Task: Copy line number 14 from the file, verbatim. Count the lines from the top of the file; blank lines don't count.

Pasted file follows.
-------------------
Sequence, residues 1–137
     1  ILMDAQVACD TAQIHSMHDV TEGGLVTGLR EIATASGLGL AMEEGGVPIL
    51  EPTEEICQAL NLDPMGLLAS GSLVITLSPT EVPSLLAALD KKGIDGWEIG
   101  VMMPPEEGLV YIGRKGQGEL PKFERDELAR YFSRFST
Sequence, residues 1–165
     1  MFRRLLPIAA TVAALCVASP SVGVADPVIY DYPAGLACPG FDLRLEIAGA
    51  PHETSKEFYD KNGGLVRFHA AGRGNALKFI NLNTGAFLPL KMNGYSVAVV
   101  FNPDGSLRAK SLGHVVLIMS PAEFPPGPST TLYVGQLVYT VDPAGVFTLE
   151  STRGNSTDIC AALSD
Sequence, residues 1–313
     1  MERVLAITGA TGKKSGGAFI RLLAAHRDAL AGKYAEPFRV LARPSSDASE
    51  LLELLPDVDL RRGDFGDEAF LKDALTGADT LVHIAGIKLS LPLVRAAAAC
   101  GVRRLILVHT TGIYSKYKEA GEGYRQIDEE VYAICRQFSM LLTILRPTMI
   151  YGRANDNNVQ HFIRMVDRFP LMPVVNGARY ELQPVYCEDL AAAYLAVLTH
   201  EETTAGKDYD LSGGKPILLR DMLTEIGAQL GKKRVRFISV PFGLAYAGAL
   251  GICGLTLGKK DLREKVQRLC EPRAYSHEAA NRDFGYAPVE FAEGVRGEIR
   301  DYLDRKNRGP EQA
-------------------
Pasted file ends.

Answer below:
   151  YGRANDNNVQ HFIRMVDRFP LMPVVNGARY ELQPVYCEDL AAAYLAVLTH